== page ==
SEATTLE — Researchers at the University of Washington are preparing to build and launch hundreds of underwater robots to monitor the world’s oceans. The multimillion-dollar venture, funded through a grant via the National Science Foundation, is expected to give scientists a better understanding of the ocean’s biology and increase understanding of everything from climate change to forecasting fisheries.
While the world has often looked to the skies for innovation, it still has blind spots here on Earth. Water covers more than 70% of the Earth’s surface, and large portions of it remain unexplored – and understudied.
“This stuff is in its infancy,” said UW professor of oceanography Stephen Riser, pointing at a robot, “but I fully expect 10 years from now, this will be used all over the world.”
The robots are essentially floating drones. The ones Riser’s team is working on is low-tech in theory, but what they lack in tech is far outweighed by their usefulness.
In order to study the ocean, you need a lot of money. It takes a large research vessel, a crew, scientists, gear and countless hours to travel — and that gets you a few readings in specific areas. The aim of this latest project — The Global Ocean Biogeochemistry Array, or GO-BGC Array for short — is to build and deploy 500 robots around the world to get a complete snapshot of the changing oceans.
Unlike a research vessel, this isn’t a journey that spans several days. GO-BGC Array will collect snapshots of data from each robot every 9-10 days for five years, giving scientists a larger view of the ocean than ever before.
“There’s measures of air temperature all over the world. It’s one of the few things countries collaborate on,” said Riser. “In a way, we’ll be able to do the same thing with the ocean, except instead of the weather — which we’ve figured out how to do with older instruments — we could do things like forecast fisheries; we can forecast acidification, nutrients or things like the next El Nino events.”
The beauty of this project is that all of the information becomes public. Every few days, new data will be uploaded online via satellites, and scientists can use it to fine-tune developing sciences because while a lot is known about how the world is changing, it’s not always known how quickly the changes are happening.
“What happens in the ocean far, far away on the other side of the planet could have impact on the temperatures in Seattle — that, to me, shows we need to make sure we understand what’s happening everywhere,” said Alison Gray, an assistant professor of oceanography at UW.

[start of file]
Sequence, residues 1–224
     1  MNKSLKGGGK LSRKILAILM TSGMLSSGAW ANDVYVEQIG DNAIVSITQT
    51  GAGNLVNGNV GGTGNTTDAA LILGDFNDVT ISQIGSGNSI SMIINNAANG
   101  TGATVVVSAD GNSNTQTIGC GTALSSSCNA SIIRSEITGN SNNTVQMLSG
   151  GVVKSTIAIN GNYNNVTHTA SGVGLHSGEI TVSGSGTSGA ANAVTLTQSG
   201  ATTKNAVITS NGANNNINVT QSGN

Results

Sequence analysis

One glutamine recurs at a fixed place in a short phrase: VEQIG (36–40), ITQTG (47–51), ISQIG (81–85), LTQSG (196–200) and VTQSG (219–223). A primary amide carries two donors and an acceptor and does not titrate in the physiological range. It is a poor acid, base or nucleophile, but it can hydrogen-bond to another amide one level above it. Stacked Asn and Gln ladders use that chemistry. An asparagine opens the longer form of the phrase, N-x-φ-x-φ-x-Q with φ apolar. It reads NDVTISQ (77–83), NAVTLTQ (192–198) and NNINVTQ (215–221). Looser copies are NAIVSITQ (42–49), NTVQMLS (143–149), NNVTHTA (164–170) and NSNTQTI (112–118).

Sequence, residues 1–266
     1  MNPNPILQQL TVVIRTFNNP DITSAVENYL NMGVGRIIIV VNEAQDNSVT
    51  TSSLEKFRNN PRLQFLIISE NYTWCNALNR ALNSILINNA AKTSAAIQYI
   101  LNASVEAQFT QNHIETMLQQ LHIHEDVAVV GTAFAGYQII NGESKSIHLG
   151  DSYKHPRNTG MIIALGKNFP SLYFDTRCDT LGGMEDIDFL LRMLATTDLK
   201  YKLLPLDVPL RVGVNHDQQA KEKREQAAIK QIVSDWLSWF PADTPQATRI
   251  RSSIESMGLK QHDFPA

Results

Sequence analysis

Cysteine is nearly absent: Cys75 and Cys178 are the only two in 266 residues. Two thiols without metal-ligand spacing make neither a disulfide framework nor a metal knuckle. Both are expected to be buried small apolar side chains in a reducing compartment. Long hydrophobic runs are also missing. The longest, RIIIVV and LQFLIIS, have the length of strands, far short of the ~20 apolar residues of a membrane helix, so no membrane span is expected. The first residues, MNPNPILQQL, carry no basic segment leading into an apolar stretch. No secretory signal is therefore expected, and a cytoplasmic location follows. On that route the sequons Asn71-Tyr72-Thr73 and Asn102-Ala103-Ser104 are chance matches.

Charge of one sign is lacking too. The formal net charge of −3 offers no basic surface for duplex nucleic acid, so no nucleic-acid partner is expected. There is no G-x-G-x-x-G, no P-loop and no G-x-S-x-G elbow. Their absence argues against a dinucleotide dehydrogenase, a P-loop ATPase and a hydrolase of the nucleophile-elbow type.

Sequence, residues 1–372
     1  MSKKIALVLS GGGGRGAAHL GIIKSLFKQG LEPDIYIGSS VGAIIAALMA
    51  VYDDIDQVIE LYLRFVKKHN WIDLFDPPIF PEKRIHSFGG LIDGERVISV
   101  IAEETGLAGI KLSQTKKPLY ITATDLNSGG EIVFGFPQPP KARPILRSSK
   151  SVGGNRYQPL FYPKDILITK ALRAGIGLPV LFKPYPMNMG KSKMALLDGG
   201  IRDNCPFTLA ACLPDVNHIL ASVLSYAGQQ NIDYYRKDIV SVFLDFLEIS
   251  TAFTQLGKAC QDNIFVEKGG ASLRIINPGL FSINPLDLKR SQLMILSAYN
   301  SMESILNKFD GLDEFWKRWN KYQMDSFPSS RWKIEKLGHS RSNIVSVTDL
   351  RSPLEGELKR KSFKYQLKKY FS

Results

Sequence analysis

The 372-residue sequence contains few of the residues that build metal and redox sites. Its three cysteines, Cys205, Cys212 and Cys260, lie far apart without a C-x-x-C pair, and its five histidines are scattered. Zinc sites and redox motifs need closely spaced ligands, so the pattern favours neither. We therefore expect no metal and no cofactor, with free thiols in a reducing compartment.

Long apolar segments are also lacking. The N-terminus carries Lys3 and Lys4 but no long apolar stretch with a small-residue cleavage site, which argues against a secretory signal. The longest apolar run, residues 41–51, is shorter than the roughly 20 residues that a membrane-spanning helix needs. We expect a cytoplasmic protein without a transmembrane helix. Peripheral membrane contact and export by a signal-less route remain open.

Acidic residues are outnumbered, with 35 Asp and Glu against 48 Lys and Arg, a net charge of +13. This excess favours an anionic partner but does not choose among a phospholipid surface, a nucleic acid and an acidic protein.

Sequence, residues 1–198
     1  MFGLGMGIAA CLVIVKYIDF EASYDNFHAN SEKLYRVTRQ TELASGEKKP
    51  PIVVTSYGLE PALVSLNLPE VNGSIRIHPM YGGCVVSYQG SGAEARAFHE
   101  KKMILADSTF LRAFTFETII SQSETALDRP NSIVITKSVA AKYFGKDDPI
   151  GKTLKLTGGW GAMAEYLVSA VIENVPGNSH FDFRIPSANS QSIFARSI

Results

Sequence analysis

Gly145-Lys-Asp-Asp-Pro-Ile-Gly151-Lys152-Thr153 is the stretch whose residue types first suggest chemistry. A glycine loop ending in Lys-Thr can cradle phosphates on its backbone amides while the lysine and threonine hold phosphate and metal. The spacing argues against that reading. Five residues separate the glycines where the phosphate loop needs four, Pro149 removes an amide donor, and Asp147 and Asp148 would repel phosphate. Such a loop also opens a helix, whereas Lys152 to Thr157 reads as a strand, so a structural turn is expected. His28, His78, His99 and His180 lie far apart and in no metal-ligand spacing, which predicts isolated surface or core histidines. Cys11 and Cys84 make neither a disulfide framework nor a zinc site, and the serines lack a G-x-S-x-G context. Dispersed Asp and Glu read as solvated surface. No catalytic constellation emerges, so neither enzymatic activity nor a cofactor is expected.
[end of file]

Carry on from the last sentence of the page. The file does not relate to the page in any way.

Gray’s research in 2018 is a good example of how views are changing. A previous study on floating robots did the once unthinkable — collecting mass amounts of data in the middle of the winter near Antarctica.
In the dead of winter, the Southern Ocean is difficult to access, let alone study. UW tackled the challenge with a similar set of robots, and Gray’s research changed what was understood about how the area played a role in climate change.
The Southern Ocean was long considered a massive carbon sink — soaking up large amounts of carbon and heat. But per her research, it wasn’t behaving the same way during the winter months. That’s important — because if the Southern Ocean isn’t taking on the amount of carbon scientists previously thought, the already small window of time to avoid worst-case climate scenarios is shrinking faster than originally believed.
“We were underestimating it before,” said Gray. “We didn’t have the observations. We were basically extrapolating and missed a big part of the signal.”
Gray notes she’s hopeful that new research can find a portion of the ocean reacting the opposite way, adding hope – regardless of what’s found — that it will help world leaders forecast changes and make better plans.
As for Riser, he tells KIRO 7 that the first step is building the hundreds of robots that are needed. Unlike past projects, they’re looking at the possibility of working with commercial groups to scale up and begin dropping the robotics into the ocean next year.
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